A preferred Y zeolite for use as the molecular sieve component of the alkylation catalysts which may be treated in accordance with the process of the invention is one produced by (1) first ammonium exchanging a Y zeolite to a sodium content between about 0.6 and 5.0 weight percent, calculated as Na2 O; (2) calcining the ammonium-exchanged zeolite at a temperature between about 600° F. and 1650° F. in the presence of steam at a water vapor partial pressure of at least 0.2 p.s.i.a., preferably above about 2.0 p.s.i.a., and most preferably between about 5.0 and about 15 p.s.i.a., to reduce the unit cell size of the ammonium-exchanged zeolite to a value in the range between about 24.40 and 24.64 Angstroms, and then (3) ammonium exchanging the steam calcined zeolite to replace at least 25 percent of the residual sodium ions and obtain a zeolite product of less than about 1.0 weight percent sodium, preferably less than about 0.6 weight percent sodium, and most preferably below about 0.2 weight percent sodium, calculated as Na2 O. Such a Y zeolite is highly stable and maintains a high activity. The zeolite is described in detail in U.S. Pat. No. 3,929,672, the disclosure of which is hereby incorporated by reference in its entirety. The same or a substantially similar zeolite is sold by the Linde Division of Union Carbide Corporation as LZY-82 zeolite.
The alkylation catalyst which is subjected to the process of the invention can be either a fresh catalyst, i.e., one that has not previously been used to alkylate an aromatic compound, or a deactivated or partially deactivated alkylation catalyst, i.e., one that has already been used to at least some degree for promoting the alkylation of an aromatic compound. Since the process of the invention is quite effective in increasing the selectivity of a fresh alkylation catalyst, it may be desirable to subject a fresh catalyst to the process of the invention before it is used commercially to alkylate aromatic compounds.
The alkylation catalyst is subjected to the process of the invention by first contacting the catalyst with a feedstock comprising at least one organic compound under conditions such that carbonaceous material deposits relatively evenly on the catalyst, thereby suppressing its alkylation activity. The feedstock utilized is preferably a hydrocarbon feedstock. As used herein "hydrocarbon" refers to any compound which comprises hydrogen and carbon and "hydrocarbon feedstock" refers to any charge stock which contains a mixture of hydrocarbon compounds and comprises greater than about 70 weight percent carbon and hydrogen, preferably greater than about 80 weight percent, calculated as the elements. Examples of hydrocarbon feedstocks that may be used in the process of the invention include nonpolar aromatic compounds such as benzene, toluene, ethylbenzene and xylene, unsaturated aliphatic hydrocarbons such as alkenes and alkynes, preferably C2 -C15 alkenes or alkynes, and polar aliphatic hydrocarbons such as alcohols and alkyl halides. The preferred hydrocarbon feedstocks will normally comprise a mixture of an aromatic compound such as benzene and an unsaturated aliphatic hydrocarbon such as ethylene or propylene.
In order to effectively suppress the alkylation activity of the catalyst, the hydrocarbon feedstock is contacted with the catalyst, normally by passing the feedstock through a fixed bed of the catalyst, under conditions such that carbonaceous material deposits on the alkylation catalyst. When a mixture of a nonpolar aromatic compound such as benzene or toluene and an unsaturated aliphatic hydrocarbon, preferably an olefin, is used as the hydrocarbon feedstock, the temperature at which the feedstock and catalyst are contacted will normally range between about 250° F. and about 800° F., preferably between about 350° F. and about 500° F. The pressure in the contacting zone will typically range between about 150 p.s.i.g. and about 2000 p.s.i.g. The mole ratio of the olefin to the aromatic compound in the feedstock will normally range from about 0.01 to 10.0. In general, the conditions in the contacting zone are held relatively constant until the reaction exotherm zone, i.e., the exotherm caused by the reaction of the aromatic compound with the olefin, passes through the entire catalyst bed. The passage of the exotherm zone through the bed can be monitored by following the catalyst bed temperature profile. Passage of the exotherm zone through the entire catalyst bed is indicative of the fact that tars, i.e., carbonaceous material comprising condensed aromatics and olefin polymers, have been uniformly deposited over the alkylation catalyst to suppress its alkylation activity.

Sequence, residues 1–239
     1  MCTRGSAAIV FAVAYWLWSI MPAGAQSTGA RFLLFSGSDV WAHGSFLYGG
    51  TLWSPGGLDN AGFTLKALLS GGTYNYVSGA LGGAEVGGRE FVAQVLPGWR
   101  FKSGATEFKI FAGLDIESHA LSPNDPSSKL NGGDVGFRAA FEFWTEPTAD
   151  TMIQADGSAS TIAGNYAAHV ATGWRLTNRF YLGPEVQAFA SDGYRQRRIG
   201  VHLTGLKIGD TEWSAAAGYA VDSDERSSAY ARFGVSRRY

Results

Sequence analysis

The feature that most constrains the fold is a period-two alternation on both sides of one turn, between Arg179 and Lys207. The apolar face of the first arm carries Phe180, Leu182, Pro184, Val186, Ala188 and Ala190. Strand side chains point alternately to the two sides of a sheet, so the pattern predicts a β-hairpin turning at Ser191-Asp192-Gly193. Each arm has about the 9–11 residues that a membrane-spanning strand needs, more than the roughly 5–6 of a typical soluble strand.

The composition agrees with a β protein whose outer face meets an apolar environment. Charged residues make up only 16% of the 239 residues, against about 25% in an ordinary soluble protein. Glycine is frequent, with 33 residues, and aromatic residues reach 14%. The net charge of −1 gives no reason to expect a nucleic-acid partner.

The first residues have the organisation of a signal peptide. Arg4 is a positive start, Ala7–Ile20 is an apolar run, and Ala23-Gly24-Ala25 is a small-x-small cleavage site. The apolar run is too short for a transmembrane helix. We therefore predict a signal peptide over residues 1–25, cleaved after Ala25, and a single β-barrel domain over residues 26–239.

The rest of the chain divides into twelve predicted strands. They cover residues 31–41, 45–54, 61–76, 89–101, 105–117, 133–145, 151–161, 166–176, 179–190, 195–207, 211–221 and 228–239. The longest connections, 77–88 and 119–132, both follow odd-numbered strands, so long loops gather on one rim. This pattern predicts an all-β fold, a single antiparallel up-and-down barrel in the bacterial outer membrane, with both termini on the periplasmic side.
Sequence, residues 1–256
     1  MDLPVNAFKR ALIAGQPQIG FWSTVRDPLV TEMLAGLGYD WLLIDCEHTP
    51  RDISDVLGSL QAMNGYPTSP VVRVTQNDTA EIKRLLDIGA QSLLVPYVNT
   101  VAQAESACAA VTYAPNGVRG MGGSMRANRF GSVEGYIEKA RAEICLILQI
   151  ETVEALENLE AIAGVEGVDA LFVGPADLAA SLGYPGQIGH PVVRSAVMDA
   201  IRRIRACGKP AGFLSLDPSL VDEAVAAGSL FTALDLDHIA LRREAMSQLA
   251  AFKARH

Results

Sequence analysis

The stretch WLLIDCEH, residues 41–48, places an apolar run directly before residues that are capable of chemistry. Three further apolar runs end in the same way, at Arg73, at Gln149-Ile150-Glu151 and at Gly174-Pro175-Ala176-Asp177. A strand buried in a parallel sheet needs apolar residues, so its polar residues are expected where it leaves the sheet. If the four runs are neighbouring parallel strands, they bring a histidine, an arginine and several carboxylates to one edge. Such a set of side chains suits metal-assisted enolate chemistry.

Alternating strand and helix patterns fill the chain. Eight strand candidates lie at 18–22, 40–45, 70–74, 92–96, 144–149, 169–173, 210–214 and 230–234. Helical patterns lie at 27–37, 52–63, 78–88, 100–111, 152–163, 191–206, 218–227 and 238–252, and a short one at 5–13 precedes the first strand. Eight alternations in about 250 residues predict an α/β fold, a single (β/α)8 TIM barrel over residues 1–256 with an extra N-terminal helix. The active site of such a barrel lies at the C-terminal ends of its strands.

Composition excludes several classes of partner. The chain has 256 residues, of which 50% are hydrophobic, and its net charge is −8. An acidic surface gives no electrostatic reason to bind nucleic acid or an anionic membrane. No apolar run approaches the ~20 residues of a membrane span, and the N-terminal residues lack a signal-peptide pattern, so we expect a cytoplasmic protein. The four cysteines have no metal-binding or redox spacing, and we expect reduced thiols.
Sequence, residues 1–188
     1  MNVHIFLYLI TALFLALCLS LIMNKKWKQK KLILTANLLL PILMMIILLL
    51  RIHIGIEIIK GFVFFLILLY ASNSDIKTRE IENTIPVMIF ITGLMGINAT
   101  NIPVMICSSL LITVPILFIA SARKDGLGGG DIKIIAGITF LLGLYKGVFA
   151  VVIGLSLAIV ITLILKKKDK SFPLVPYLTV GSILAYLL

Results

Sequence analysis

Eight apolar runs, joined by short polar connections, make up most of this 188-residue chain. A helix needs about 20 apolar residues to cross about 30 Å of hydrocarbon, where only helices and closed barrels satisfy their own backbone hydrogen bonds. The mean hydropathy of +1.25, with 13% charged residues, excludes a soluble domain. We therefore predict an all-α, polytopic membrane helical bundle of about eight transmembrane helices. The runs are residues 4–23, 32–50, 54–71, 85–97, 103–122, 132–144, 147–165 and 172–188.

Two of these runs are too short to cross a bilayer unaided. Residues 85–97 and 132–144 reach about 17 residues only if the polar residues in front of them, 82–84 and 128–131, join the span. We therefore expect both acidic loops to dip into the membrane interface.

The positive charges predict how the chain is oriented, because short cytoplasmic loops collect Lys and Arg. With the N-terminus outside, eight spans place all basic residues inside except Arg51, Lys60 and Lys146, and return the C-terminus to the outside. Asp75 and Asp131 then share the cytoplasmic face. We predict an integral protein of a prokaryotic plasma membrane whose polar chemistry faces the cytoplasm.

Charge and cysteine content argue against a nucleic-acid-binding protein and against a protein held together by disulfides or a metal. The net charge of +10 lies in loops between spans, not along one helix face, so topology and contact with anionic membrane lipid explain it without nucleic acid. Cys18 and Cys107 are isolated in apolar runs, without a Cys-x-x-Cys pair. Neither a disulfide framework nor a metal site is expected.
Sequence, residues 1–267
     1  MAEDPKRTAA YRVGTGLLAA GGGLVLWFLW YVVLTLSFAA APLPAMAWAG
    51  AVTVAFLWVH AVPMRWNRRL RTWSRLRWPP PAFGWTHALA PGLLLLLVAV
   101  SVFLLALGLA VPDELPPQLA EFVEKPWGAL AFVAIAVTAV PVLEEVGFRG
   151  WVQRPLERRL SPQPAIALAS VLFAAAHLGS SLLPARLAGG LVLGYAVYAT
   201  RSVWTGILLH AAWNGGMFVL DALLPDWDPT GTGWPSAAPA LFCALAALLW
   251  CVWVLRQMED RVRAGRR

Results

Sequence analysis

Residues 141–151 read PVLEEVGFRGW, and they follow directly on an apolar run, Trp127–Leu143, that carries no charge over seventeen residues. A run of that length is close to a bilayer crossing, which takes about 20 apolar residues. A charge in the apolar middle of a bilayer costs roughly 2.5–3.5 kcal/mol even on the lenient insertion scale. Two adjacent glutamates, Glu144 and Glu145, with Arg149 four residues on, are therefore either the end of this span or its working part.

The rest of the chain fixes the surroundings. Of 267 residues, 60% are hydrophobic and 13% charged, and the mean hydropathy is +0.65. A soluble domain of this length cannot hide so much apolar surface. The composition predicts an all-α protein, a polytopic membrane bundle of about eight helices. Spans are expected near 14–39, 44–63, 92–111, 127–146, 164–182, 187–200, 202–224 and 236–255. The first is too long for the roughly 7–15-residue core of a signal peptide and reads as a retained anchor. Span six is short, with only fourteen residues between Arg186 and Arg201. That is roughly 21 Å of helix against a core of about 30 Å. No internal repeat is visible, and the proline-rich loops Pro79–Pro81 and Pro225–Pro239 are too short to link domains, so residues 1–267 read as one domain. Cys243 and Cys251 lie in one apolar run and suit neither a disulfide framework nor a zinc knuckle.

After the alkylation catalyst has been treated in accordance with the procedure discussed above, the carbon-containing catalyst particles are subjected to a combustion step by contacting the particles with a gaseous oxidizing agent at a temperature between about 550° F. and about 1100° F., preferably between about 800° F. and about 950° F., to remove at least a portion of the deposited carbonaceous material. It has been surprisingly found that the resultant carbon-depleted material has an activity maintenance and a selectivity that are, respectively, at least 95 percent of and at least about 1.0 percentage point greater than the activity maintenance and selectivity of the fresh, deactivated or partially deactivated alkylation catalyst which is subjected to treatment in accordance with the process of the invention. It is normally preferred to carry out the combustion step under conditions such that greater than about 95 percent, preferably greater than about 98 weight percent, of the carbonaceous material is removed from the catalyst. It is most preferred that the combustion step be carried out under conditions such that substantially all of the carbonaceous material is removed from the catalyst.